Monday, May 19, 2008


There comes points in every person's life where they are forced to take a look at what is working for them and, more importantly, what is not. When I weighed in the mid 300s, I rarely would look at any aspect of my living condition, preferring to stay stagnant but safe. I hated the world and believed that the world hated me. I blamed everyone and everything but myself for my living condition. It's true, there were (and there remain) lots of things that are outside of my control, but what I've come to grips with is that there are just as many that should be evaluated and changed up at my own discretion. And that by changing up what I can, I can also influence my perception of(and therefore ability to live with) what I cannot.

I'm at one of those crossroads again. I've been dissatisfied for probably around six months now, but with the introduction of Cimzia into my life, it seems to have crystalized into a tangable force... something that needs to be taken action on.

It's not that I know that the Cimzia is going to work. Indeed, there have been significant changes in the way my body is functioning since I took the first injections, but they are proving to be largly inconvenient and embarassing. The "Accident" is now becoming a daily (and sometimes several times a day) phenomena. Of course that signifies an improvement in function as I am not so inflamed that my bodily systems are virtually non functioning, but it makes it hard to leave my home. Whether the drug ultimately continues to improve my functions until I do as well as the best and am in remission in six weeks remains to be seen.

But the fact is that for the first time in many years, I have hope. I may not have to live like I've been living... scared, embarassed, destitute... for much longer. If I am in remission in six weeks, I suppose that I will have to sit on the sidelines for another six months or so to make sure some of the very severe side effects that Cimzia threatens don't manifest. Things like Lupus and Lymphoma. (It took about six months for Remicade to bring out significant enough Lupus symptoms to identify.) But if they don't, I want to go back to work. Be productive. Be a contributing member of society and, at the same time, become self sufficient and not live in a medically-induced state of poverty. Maybe even make a difference. To somebody. Anybody. I have a dream.

The thing is, though, that hope does not wait to manifest itself six months down the line when the timing is appropriate. It is now. And it's influencing how I view other activities, social interactions, and people in my life. What is important; what is not. What still serves it's purpose; what does not. What do I still enjoy; what do I not.

I have to be careful when making these evaluations. Just as Auto Immune disease, when it's flaring, get's into your brain and changes how you react to given stimuli (I've often appeared and acted erratic and 'nuts' when deep inside when I knew that I was not representing myself well... it's one of those out-of-body situations that you can't help), so do the powerful chemicals that are now being released into me. Am I making rational evaluations? Or are my logic systems imparred because of the new regime? Is this really the time that I should start the process of metamorphysis and change, or would I be better served by waiting a little longer?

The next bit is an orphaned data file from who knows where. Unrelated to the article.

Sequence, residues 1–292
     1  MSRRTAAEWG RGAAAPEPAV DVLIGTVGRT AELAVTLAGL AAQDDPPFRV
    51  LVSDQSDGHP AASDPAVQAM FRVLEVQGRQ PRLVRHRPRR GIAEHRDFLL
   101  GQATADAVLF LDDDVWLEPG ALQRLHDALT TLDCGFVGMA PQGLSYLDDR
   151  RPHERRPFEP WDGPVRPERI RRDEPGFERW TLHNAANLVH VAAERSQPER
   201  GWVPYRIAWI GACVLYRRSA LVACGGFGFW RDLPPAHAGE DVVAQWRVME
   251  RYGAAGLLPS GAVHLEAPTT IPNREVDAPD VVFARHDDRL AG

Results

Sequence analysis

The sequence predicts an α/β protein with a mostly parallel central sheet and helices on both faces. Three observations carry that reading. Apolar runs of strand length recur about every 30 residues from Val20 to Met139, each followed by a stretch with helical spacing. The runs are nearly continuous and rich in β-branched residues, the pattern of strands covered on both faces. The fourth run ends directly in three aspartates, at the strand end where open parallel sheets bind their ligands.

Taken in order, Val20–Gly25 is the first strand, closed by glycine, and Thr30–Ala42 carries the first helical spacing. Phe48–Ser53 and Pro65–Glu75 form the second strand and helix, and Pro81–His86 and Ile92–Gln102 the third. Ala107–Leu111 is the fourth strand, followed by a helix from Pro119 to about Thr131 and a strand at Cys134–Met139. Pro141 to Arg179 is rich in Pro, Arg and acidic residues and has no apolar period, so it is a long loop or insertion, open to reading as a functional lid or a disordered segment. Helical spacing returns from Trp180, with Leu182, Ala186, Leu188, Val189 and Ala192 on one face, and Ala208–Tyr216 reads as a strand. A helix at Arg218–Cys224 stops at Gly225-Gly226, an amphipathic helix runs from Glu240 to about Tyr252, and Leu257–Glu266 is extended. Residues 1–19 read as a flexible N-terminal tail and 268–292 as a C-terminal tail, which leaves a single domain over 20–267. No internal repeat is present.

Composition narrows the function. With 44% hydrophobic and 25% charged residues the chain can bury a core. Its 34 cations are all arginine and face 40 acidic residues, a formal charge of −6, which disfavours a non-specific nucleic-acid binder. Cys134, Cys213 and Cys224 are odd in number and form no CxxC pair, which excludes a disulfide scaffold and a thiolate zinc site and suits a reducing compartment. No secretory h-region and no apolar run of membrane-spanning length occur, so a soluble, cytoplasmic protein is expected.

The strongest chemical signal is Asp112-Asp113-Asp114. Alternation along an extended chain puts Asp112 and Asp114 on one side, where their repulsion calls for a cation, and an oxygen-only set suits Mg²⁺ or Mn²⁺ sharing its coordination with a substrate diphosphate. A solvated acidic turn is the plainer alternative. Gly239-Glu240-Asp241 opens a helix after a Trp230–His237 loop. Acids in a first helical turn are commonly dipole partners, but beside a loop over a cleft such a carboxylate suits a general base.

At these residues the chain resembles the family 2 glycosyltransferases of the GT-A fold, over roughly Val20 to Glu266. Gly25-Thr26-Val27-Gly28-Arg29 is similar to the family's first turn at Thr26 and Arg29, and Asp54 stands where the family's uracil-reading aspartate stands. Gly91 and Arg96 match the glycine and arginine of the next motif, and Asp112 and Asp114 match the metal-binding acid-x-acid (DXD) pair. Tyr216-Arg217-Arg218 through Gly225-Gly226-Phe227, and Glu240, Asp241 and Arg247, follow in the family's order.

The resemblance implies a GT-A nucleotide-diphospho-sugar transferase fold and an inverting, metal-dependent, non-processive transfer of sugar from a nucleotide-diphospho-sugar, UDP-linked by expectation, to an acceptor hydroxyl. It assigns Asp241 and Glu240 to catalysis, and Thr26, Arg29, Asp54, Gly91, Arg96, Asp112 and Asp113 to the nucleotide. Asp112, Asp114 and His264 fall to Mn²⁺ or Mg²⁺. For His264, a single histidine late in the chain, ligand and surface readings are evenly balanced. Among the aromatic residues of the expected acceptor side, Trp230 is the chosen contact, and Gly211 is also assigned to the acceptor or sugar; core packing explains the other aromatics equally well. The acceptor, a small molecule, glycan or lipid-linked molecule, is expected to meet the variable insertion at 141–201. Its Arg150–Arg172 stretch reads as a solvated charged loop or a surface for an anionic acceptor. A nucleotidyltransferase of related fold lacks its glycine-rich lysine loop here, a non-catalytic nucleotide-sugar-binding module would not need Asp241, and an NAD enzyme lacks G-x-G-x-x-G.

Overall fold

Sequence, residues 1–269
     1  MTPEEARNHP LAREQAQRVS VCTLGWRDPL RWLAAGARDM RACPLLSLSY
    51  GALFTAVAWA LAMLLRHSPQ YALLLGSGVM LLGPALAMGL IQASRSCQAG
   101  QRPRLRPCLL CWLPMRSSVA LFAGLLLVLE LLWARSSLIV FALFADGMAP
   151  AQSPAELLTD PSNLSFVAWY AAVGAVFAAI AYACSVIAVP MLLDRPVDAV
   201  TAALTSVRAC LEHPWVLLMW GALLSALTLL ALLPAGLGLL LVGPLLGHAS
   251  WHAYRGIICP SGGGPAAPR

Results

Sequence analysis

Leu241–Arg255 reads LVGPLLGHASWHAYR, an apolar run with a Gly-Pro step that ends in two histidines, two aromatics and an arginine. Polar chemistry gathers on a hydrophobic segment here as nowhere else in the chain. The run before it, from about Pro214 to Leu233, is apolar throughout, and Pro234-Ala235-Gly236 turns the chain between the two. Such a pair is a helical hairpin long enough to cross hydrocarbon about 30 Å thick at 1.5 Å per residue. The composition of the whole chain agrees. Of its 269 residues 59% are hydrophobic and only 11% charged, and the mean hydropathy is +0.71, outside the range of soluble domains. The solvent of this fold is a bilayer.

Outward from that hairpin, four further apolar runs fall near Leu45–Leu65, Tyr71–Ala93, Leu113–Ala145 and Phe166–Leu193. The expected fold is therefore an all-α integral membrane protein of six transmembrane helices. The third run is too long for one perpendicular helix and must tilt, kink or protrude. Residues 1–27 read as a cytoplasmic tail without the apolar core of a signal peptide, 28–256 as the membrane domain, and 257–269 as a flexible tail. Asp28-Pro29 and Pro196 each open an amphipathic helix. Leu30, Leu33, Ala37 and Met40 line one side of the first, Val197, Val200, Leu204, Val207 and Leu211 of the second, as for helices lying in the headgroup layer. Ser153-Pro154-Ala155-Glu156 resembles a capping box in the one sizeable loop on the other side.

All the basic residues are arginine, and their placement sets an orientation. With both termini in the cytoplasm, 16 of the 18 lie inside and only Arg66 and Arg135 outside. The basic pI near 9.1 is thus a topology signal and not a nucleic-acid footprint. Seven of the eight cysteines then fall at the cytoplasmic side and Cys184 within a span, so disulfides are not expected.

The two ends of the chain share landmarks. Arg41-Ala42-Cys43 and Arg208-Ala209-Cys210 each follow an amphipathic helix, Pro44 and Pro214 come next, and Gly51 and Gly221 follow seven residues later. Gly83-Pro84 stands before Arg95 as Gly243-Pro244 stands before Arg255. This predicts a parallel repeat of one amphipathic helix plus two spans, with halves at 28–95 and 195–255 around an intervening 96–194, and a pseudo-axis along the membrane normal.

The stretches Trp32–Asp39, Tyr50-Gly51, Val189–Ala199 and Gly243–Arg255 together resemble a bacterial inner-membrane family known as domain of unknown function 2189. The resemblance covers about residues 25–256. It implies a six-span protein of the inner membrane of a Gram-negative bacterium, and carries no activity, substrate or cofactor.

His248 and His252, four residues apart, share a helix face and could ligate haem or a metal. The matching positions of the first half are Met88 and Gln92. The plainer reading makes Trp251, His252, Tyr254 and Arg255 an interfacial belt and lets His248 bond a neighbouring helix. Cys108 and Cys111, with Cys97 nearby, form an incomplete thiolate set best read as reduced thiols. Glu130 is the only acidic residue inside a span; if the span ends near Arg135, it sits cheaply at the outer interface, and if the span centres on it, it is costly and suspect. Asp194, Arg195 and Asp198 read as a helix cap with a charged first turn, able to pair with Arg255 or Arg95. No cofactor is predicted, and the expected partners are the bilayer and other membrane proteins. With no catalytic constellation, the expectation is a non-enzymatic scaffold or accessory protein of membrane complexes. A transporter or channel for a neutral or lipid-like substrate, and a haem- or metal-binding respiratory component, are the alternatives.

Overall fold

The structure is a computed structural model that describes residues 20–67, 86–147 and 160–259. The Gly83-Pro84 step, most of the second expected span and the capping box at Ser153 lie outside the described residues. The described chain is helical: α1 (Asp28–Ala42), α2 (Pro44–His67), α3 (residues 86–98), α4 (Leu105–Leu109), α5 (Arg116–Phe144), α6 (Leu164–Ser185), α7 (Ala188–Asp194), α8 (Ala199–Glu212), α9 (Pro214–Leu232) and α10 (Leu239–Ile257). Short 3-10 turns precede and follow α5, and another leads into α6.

Any time anyone makes a significant life change, there is - and should be - a period of mixed emotions. Of fear. It keeps us alert and sharp. And I am fearful.

But I'm also determined. I cannot continue down the path as it is laid out for me right now. I may be on chemicals, I may be afraid, I may even be making some of the biggest mistakes of my life. But I need a change.


Anonymous said...

My Friend,
You have made so many strides into such positive directions. I know that you have never asked to be a role model or mentor but it is a label that I have given you as well as friend..True friend..In my opinion I think you would be a great life coach or weightloss coach. You have so many tools, resources and you have the experience to say you did it they can do it..You have kept moving forward and have motivated me to do so..I love you..Whatever you decide to do know that I will be there to encourage and cheer you on!!

janet said...

Considering all the changes that have been forced on you, you probably welcome the opportunity to have control over this big one. Keep your heart and mind open, and you will know when it's time to make the leap.

Mrs. G. said...

We do what we have to do, sister. I like how you embrace the positive.


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